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Job applicant disclosure bill derailed in Senate

A bill that would allow applicants for high-profile public positions to be kept secret until finalists are selected was tabled Friday in the Senate Judiciary Committee. (Eddie Moore/Journal)

SANTA FE — A bill that would allow the names of applicants for top public school, law enforcement and other taxpayer-funded positions to be kept secret stalled Friday in a Senate committee.

The legislation, Senate Bill 39, is similar to legislation that passed the Senate in 2019.

But it was tabled Friday by a decisive vote in the Senate Judiciary Committee, with at least six senators voting in favor of the motion and Senate Majority Whip Linda Lopez, D-Albuquerque, casting the lone dissenting vote.

The vote means the bill is unlikely to move forward during the 60-day session that ends March 20, though it could still be revised and brought back up for consideration.

The measure, sponsored by Sen. Bill Tallman, an Albuquerque Democrat, generated opposition from several government transparency groups.

Melanie Majors, executive director of the New Mexico Foundation for Open Government, said Friday the bill would make the hiring process more secretive.

And she previously said there has been no empirical proof shown that an open hiring process affects the ability of school districts, universities and government agencies to hire qualified candidates.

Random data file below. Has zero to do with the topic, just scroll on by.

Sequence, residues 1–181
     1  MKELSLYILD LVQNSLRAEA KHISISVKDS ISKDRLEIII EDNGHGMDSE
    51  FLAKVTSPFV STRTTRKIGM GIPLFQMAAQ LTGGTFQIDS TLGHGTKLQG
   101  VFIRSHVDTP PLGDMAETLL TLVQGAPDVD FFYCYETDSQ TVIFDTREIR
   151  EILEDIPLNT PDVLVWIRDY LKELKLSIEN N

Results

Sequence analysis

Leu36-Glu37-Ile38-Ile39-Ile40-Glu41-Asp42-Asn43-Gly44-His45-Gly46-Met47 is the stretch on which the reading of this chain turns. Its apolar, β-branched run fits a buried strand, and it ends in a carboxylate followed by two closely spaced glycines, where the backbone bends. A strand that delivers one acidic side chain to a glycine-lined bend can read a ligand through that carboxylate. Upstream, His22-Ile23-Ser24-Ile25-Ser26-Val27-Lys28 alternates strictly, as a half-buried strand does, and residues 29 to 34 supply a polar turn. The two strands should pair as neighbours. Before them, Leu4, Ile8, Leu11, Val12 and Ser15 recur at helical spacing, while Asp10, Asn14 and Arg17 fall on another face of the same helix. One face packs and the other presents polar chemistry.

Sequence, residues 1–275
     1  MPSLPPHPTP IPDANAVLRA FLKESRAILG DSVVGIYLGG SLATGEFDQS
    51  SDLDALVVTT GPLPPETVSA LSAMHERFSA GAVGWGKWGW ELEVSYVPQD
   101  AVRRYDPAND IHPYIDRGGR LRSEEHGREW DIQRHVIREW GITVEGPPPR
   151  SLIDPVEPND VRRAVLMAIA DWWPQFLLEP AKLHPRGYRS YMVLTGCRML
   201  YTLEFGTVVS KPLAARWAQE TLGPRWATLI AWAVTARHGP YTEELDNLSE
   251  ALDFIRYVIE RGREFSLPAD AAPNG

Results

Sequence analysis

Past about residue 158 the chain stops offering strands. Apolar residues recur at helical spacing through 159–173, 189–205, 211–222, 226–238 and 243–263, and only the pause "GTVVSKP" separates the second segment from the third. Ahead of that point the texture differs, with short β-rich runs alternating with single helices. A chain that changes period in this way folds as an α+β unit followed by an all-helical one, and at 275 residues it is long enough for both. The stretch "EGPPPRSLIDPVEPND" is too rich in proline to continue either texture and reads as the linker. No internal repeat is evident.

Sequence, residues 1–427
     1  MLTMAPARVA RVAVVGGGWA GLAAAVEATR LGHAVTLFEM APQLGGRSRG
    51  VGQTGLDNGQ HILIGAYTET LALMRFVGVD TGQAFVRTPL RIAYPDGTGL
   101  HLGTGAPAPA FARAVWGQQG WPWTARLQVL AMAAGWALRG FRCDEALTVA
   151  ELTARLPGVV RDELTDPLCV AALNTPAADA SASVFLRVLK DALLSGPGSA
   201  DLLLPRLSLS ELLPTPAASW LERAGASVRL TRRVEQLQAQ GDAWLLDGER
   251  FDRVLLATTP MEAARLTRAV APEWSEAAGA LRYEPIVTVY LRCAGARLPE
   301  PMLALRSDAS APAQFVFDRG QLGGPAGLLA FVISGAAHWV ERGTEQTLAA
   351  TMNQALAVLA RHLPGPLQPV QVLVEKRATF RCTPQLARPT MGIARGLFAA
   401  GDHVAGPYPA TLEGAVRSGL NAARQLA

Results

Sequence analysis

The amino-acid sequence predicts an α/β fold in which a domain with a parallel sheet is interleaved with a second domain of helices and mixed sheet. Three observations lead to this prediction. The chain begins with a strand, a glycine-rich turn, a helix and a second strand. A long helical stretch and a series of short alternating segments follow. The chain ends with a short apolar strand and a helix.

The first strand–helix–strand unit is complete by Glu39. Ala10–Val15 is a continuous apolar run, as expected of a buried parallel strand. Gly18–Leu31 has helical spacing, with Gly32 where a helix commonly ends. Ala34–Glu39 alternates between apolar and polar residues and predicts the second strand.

But Tallman claimed the current requirement that all candidates for top public positions be disclosed under the state’s Inspection of Public Records Act has led to a dearth of qualified candidates in some instances.

At least three finalists for any such positions would still have to be disclosed under his bill, which was introduced as searches are underway for several high-profile Albuquerque jobs.

Albuquerque Public Schools recently resumed its search for the district’s next superintendent, after previously putting it on hold due to the COVID-19 pandemic. The APS board is aiming to pick a superintendent in March so the new leader can start working by June.

In addition, Albuquerque Mayor Tim Keller’s administration has launched a national search for the next Albuquerque Police Department chief and a public safety chief.

The city recently selected three finalists for the APD chief position: Interim chief Harold Medina; Clinton Nichols, the chief of police in Commerce City, Colo.; and Joseph Sullivan, a retired deputy commissioner of the Philadelphia Police Department.

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